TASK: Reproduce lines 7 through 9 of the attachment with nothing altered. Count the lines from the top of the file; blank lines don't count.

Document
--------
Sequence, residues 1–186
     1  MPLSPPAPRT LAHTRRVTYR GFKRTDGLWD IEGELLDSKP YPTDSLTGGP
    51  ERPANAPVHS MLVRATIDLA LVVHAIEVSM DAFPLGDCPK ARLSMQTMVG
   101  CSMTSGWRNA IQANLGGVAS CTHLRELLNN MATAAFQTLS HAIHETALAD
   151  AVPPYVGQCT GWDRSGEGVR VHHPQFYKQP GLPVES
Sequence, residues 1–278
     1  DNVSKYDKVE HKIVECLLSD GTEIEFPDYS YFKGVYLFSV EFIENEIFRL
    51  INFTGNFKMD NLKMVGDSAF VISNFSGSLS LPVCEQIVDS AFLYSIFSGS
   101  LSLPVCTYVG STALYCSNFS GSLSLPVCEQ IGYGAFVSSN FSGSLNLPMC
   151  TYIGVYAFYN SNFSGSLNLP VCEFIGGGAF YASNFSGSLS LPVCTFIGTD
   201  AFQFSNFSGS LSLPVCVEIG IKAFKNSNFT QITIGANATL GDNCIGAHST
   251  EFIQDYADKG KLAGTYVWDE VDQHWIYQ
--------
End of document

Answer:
     1  DNVSKYDKVE HKIVECLLSD GTEIEFPDYS YFKGVYLFSV EFIENEIFRL
    51  INFTGNFKMD NLKMVGDSAF VISNFSGSLS LPVCEQIVDS AFLYSIFSGS
   101  LSLPVCTYVG STALYCSNFS GSLSLPVCEQ IGYGAFVSSN FSGSLNLPMC